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Gerd Dreher
Master Gem Carver


lhc131tn.jpg (13613 bytes)According to numerous connoisseurs Gerd Dreher is the finest hardstone carver ever. This may sound like hyperbole; but for many years I have searched unsuccessfully for any hardstone sculpture that is equal.  Gerd’s grandfather Herman Dreher (1876-1960) began the family tradition of excellence and some of his work was produced for, and sold as, “Fabergé.”

Paul Dreher (1910-1968), Gerd’s father, continued the family’s high standards and, in collaboration with Georg Wild, produced the finest carvings available in that period. From time to time some of Paul’s work has been mistakenly attributed to the house of Fabergé.

Gerd Dreher was born in Idar-Oberstein, Germany in 1943 and has been producing his realistic animal masterpieces for about 20 years now. In addition to his sculptural genius, Gerd is a careful  naturalist and this devotion to natural realism in muscle, sinew and motion is partly what sets his carvings apart from that of others. His library of videotapes of animals-in-action is massive, indeed.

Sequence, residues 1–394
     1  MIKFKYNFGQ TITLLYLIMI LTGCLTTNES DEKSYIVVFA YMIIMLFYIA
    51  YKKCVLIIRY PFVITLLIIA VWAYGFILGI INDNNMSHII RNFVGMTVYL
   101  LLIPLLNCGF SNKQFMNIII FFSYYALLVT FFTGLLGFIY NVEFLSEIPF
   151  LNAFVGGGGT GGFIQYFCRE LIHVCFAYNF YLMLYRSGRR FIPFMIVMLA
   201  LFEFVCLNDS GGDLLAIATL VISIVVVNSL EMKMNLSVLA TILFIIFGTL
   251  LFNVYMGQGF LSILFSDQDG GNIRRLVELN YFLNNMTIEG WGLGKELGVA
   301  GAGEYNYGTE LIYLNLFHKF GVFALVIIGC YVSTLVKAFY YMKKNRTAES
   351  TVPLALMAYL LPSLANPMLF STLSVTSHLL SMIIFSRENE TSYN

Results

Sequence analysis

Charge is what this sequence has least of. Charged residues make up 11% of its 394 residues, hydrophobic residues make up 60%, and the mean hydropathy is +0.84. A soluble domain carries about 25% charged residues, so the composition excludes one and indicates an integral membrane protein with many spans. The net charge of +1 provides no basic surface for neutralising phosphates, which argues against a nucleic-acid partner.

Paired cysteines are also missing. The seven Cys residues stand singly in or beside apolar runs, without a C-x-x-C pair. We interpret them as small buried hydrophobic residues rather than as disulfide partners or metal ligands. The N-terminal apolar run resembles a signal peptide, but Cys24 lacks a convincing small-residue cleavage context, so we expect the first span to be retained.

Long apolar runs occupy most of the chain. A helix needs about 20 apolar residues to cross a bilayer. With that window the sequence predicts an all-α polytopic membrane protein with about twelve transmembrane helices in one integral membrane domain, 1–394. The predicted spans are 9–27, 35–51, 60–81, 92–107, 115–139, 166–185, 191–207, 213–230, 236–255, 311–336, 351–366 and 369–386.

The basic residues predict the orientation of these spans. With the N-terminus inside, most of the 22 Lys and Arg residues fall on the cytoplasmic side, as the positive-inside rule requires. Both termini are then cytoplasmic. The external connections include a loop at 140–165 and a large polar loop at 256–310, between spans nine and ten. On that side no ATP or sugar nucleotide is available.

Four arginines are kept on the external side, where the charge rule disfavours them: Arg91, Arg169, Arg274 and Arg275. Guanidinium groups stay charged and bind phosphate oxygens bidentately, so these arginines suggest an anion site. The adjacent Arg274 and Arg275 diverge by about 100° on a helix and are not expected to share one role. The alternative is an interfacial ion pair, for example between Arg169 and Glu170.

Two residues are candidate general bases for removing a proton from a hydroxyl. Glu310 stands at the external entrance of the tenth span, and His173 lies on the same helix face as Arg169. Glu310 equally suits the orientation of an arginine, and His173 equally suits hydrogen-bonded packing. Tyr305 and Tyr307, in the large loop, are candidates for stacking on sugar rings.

From the forthcoming book Mineral Masterpieces: The Gem Carvings of Gerd Dreher by Joel A. Bartsch, Curator of Gems and Minerals of the Houston Museum of Natural Science- “His ability to capture warmth, personality, and even movement in cold, hard, stone is the result of precise attention to even the minutest details and an understanding of the full range of motion which plants and animals possess. He breathes life into stone by endowing the
lifeless chunk of rough with what  he envisions in his mind’s eye. This ability to animate the inanimate is the result of a highly creative mind combined with a lifetime spent observing the animal kingdom.  The positioning of each carving reflects nuances of movement which are captured first by his discerning eye, translated by a creative, detail-oriented mind, and bestowed upon the rough stone through his mastery of the lapidary arts. Dreher looked at [a piece of] rough for more than a decade...and one day he saw it...‘The mouse itself was sitting there all along... it just  took me more than ten years to see it’”

Enjoy the photographs of these three rare carvings. Dreher masterpieces are very difficult to acquire and his lifetime production of, perhaps, a total of 500 objects is mostly privately held.

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Lawrence H. Conklin
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